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Following on from a podcast opinion theory rant on The Couch Pundit podcast I have been asked to go into more detail on my thoughts on Conor McGregor.
So here goes, and will be followed by many unfollows/unfriending and other general social media hatred.
Starting at the beginning with a quick history lesson, we have an apprentice plumber who fought on the side working the site hours and spending the day wishing for a life that was impossible while fitting pipes and making tea. One day the decision is made to pursue fighting as a career, hoping to make more money than he did on the site and to quell any resulting arguments in the family home. Turning his back on a potential career to back himself into the unknown world of mixed martial arts.
Moving through the Irish circuit into the UK and Europe with success and more belts that the trousers section at pennies followed. Leading to the debut in the UFC against journeyman Marcus Brimmage. No Irish man had ever won in the UFC, not only did Conor win, but he won decisively and with style that immediately got the attention of the MMA world.
From there it was a one way ticket to the top. 2 more belts, 2 divisions and a showdown with Floyd Mayweather.
This is all backed up by Conor being loyal to his team and friends, more hardworking than anyone else in the industry and having a business acumen that the education system in Ireland said he never had. It was all a fantastic story. Amazingly inspirational and something that set an example for anyone wishing to excel in their chosen field. He was able to spot a gap in the market and showed America a character that they could love or hate. Whichever way they leaned they were willing to pay to see him win or lose.
The fight with Mayweather finished in the 10th round, after a massively positive showing from Conor. He walked away with more money than he (or anyone) could ever imagine. All a just reward for his work. Aside from putting himself in the same bracket as business elite, it also took away any chance of trouble ever happening to him, he can pay his way out of any trouble he will ever meet. Consequence is no longer a word he needed to think about. It took away any worry he will ever financially have.
His ‘normal’ changed.
My theory is that when Conor would get the money together for a Chinese takeaway after a long week of training back in the day, he can now get on a private jet and fly to china to eat food. This is his new normal. He began as a product of his environment, but now his environment has completely changed. Nothing wrong with that, it is part of his rewards for work. The thing we have to remember is that the people he grew up with are still on the grind. Still on the commute to a job they hate, still working hard for every penny to pay every bill. The ‘normal’ in their lives are about as opposite as it gets.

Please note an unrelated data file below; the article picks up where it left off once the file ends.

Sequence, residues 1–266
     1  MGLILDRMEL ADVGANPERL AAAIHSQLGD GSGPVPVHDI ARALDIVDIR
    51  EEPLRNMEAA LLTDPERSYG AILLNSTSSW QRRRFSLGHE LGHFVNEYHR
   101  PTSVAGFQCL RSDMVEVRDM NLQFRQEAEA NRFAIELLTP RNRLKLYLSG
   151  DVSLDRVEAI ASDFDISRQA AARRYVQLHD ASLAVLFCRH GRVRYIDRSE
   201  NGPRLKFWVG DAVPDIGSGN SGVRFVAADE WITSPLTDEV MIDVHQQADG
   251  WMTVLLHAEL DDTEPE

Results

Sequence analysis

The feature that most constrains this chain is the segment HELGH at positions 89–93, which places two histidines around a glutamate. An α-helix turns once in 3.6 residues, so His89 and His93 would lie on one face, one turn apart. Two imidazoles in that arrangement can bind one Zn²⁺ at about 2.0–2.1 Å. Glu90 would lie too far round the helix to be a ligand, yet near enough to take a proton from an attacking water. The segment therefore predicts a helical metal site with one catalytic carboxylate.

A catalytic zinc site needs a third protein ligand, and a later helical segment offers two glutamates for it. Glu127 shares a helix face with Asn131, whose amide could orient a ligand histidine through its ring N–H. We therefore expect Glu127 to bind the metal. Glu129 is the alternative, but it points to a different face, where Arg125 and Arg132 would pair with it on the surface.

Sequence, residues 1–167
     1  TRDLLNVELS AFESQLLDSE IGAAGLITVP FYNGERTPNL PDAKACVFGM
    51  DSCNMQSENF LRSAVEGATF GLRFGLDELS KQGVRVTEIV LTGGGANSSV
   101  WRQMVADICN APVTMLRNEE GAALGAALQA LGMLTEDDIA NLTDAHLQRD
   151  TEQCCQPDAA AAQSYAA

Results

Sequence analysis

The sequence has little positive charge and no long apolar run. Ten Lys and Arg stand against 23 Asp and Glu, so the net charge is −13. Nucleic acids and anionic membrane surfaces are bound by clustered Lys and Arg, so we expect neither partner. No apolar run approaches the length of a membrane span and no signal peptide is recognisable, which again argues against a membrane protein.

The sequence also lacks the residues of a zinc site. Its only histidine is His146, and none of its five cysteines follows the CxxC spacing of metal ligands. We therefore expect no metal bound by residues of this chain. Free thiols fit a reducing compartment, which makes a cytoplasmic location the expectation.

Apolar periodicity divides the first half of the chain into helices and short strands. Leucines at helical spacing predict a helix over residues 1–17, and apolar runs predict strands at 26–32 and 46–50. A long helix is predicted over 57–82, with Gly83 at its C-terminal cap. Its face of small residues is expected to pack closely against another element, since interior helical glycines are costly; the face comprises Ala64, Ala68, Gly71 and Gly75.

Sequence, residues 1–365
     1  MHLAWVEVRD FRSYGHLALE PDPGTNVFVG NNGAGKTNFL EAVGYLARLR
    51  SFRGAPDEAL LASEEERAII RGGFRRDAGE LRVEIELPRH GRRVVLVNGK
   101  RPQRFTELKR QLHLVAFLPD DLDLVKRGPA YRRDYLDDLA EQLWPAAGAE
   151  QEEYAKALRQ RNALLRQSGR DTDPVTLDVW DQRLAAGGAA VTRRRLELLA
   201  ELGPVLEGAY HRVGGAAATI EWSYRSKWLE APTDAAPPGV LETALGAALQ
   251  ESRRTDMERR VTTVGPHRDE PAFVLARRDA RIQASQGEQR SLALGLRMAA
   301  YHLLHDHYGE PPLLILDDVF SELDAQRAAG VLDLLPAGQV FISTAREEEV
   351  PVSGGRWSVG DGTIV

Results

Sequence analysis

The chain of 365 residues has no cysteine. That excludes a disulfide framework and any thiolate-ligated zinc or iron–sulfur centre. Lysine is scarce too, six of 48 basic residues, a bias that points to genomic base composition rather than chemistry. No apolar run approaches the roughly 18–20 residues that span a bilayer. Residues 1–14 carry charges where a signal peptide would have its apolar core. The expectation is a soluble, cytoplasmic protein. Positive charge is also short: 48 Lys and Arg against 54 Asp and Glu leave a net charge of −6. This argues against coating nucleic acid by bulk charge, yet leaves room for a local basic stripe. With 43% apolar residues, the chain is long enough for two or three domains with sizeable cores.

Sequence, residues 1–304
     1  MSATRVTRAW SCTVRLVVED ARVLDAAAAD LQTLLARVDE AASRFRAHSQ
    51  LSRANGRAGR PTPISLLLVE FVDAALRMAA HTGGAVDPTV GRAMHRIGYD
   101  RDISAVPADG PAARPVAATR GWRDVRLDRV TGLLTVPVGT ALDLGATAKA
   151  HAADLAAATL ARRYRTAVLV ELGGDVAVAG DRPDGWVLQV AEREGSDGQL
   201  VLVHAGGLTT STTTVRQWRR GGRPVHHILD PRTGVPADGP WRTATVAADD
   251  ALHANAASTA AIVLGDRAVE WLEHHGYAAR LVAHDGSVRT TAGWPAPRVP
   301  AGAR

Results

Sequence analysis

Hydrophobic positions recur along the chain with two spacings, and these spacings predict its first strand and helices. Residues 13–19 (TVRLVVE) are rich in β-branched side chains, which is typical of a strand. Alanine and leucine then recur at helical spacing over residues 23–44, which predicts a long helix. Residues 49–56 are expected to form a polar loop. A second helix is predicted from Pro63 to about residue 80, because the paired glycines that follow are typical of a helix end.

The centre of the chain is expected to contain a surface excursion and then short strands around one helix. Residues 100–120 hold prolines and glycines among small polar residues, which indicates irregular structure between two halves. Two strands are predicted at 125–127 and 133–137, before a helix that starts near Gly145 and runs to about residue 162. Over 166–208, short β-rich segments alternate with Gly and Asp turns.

The want or need to be loyal to his friends who were loyal to him is constantly in flux with his new normal. Bouncing from fights in pubs to fights in front of millions of paying customers is a massive dichotomy.
The rumours are always there, but I would suggest that if someone handed any of us a cheque for €100mil we would all go off the rails for a time while trying to find our new normal. For me, it would mean I would buy 2 pairs of jeans in pennies instead of 1 pair, but for others it would mean private jets, Gucci underpants and having a live in child minder which eliminates the need to get up for the feeds etc etc. Conor now doesn’t have to see Monday morning traffic if he doesn’t want to. Each to their own. But much like any sort of business, this new normal needs managing. Conor is a business now. He is his own solar system. This is massively positive and a great achievement for him. But like any commodity on the stock exchange it needs managing, because if you don’t manage the commodity it will become volatile.
In closing, I found the McGregor that we saw on TV a fantastic watch. Part Ric Flair part unstoppable fighting machine with an Irish charm and wit that made the Irish nation love him for being one of our own, and America fell in love with him because they don’t see anything like that in sport. My worry is that trying to balance his new normal with his loyalty to the people who were loyal to him may be tough to manage. While keeping the principles he has always had, the way he existed prior to becoming the worldwide celebrity he is now has to change. Living in a gated community and counting the money in between vodka and orange would be a great result for the years of hard work. Going into Hollywood and taking that over instead of taking punches to the face might be a just reward for changing his sport.